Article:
“It is finished.”
Jesus’ last words from the cross.
It is finished.
That could mean a lot of things, in theory. It could mean something like “Thank God it’s finally over. No more suffering!” because, John’s gospel tells us, right after he uttered those words, Jesus bowed his head and exhaled one final time; he surrendered his life’s breath. Thank God it’s over. That’s certainly not a sentiment that we would want to begrudge Jesus, is it? I mean, after all he’s been through, he deserves to be relieved at the prospect of the pain coming to and end, even if the vehicle of that deliverance is death.
But if we look at St Jerome’s Latin translation of these words, we get a glimpse of another possibility, a deeper way of understanding these final words from the cross. In Latin, they are rendered “consummatum est”—in English, in a very literal way, “It is consummated.” Or, more colloquially, “Done deal.” Or perhaps something like “signed, sealed, delivered.” Or, if we want a symbolic non-verbal equivalent, it would be like a judge or the chairman of a meeting banging a gavel: the Ayes have it, the motion carries, done deal. Consummatum est. It is finished.
For Jesus and those who loved him in that time and place, it was a dark moment. His disciples, most of whom had abandoned him anyway—in John’s account, not surprisingly, it’s John alone among them who is found at the foot of the cross—his disciples had expected him to lead a successful insurrection against the Roman occupation, and they would each be assigned to a key cabinet position in the new government. Well, when Pilate condemned Jesus to death, that was the end of those fantasies, so his death was certainly a dark moment for them. And his mother—who can even begin to tell the pain that she bore? Yes, it was a dark moment. John doesn’t mention this, but Matthew and Luke tell us that the sky grew unusually dark as Jesus hung on the cross. Matthew recounts an earthquake at the moment of his death, and all three of the synoptic evangelists include the information that the veil of the temple—the curtain that screened off the inner sanctum, the Holy of Holies—this curtain was torn in two, evidently as a result of the earthquake. In Mel Gibson’s film The Passion of the Christ, the earthquake itself is initiated by a giant teardrop falling from Heaven. The cosmos itself weeps. It is a dark moment.
But for the general population of Jerusalem, the great majority of whom were Palestinian Jews, the crucifixion of Jesus was just another item that showed up on Headline News—maybe in one of those crawlers that scroll across the bottom of the TV screen—it was a topic of conversation around the neighborhood well as people gathered to draw water, but it wasn’t something that actually interrupted their day all that much. They were busy just going about their regular work, which on this particular Friday meant that somebody in the family had to slaughter a lamb—or buy one and pay somebody else to slaughter it—in preparation for the celebration of Passover.
Passover, of course, was, and still is, a Jewish festival that commemorates the final plague that led to the liberation of the Hebrew people from slavery in Egypt, when the angel of death moved through the land, claiming the lives of every firstborn human and animal, but “passing over” the homes of the Hebrews who had covered the frames of their doors with the blood of a freshly-killed lamb. God looked on the blood of the lamb as an identifying mark, setting his people apart from the other residents of Egypt, and as a sign of atonement for their sins.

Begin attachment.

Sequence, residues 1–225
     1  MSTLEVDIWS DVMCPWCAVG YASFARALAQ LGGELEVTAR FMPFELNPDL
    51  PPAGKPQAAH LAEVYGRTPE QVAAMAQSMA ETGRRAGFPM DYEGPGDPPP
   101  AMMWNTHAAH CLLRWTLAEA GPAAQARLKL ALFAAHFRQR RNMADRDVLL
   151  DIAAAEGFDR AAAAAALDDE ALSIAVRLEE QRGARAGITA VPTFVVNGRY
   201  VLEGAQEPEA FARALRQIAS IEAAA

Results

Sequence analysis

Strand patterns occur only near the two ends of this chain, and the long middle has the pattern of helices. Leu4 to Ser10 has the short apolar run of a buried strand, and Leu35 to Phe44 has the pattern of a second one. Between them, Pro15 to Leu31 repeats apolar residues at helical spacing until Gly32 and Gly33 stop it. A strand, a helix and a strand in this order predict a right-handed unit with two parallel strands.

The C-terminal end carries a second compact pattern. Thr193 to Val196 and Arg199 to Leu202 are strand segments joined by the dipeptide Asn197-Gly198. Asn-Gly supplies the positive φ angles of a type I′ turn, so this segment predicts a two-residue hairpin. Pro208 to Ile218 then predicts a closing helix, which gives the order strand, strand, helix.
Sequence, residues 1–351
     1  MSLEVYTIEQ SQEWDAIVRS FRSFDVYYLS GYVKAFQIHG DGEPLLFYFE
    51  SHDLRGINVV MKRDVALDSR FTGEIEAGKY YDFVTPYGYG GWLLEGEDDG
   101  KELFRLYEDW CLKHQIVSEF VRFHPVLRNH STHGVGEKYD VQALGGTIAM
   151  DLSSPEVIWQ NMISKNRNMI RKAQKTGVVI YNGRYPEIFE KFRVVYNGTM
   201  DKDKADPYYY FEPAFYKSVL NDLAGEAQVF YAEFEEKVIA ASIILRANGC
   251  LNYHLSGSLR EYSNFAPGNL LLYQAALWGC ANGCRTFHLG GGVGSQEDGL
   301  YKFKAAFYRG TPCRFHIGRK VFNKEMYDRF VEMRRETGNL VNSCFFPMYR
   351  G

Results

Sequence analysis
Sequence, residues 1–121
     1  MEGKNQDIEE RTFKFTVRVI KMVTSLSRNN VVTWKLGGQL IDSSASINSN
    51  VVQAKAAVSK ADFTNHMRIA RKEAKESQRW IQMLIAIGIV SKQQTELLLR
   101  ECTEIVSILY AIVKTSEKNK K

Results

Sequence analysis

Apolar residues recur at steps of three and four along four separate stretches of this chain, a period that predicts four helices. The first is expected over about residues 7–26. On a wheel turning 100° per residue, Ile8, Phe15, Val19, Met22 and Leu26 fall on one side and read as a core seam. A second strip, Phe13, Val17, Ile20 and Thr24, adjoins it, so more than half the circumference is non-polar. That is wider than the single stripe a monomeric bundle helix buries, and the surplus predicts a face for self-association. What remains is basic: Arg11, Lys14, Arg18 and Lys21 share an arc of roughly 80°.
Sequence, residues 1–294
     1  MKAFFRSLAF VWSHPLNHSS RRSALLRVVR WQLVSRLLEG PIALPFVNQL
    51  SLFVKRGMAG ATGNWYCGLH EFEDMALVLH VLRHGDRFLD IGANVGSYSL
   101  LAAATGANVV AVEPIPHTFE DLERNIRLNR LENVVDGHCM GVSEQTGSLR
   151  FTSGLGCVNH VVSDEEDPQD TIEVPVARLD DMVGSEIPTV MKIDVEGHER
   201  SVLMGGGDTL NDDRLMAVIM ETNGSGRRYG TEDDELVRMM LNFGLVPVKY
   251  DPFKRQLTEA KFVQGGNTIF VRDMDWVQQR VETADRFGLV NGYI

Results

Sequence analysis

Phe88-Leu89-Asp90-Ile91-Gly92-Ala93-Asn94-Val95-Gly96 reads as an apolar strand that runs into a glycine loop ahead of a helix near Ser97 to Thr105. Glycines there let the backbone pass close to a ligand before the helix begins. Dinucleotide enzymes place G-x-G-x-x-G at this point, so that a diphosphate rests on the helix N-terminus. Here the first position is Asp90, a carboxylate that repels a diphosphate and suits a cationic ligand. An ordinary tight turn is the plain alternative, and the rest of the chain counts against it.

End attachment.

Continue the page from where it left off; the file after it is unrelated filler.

Is this picture beginning to come together for you yet? The people of Jerusalem are busy slaughtering Passover lambs, participating in the system of ritual sacrifice by which they were continually reconciled to God, and of which the temple was both the actual and the symbolic center. They were taking care of business; they were fulfilling their end of the deal that God had made with them. When they finished preparing the lamb for the Passover celebration, any of them could have said, “It is finished.” Consummatum est. Done deal. Signed, sealed, delivered.
And at the very same hour, Jesus is going about the very same work. His blood is being shed on the cross in atonement for the sins of the world, making him the very Lamb of God. Only his sacrifice, unlike the sacrifice of all the other lambs that were slain that day, Jesus’ sacrifice is offered once, for all. It eliminates the need for the entire system of ritual sacrifices around which Jewish religious life revolved. And when his work is accomplished, he says, “It is finished.” And he breathes his last. He has taken a direct hit from all that the forces of evil, sin, and death can hurl at him. He has borne our griefs and carried our sorrows. All human suffering is wrapped up with him on the cross, and he literally takes it to his grave. It is finished.
Good Friday indeed feels like a dark time, but it is the kind of darkness that comes just before dawn. In the words of St Clement of Alexandria, written barely 200 years after the event, and put in the form of a hymn that we sang just a few days ago, at the end of the Palm Sunday liturgy:
1 Sunset to sunrise changes now,
for God doth make his world anew;
on the Redeemer’s thorn-crowned brow
the wonders of that dawn we view.
2 E’en though the sun withholds its light,
lo! a more heavenly lamp shines here,
and from the cross on Calvary’s height
gleams of eternity appear.
3 Here in o’erwhelming final strife
the Lord of life hath victory,
and sin is slain, and death brings life,
and earth inherits heaven’s key.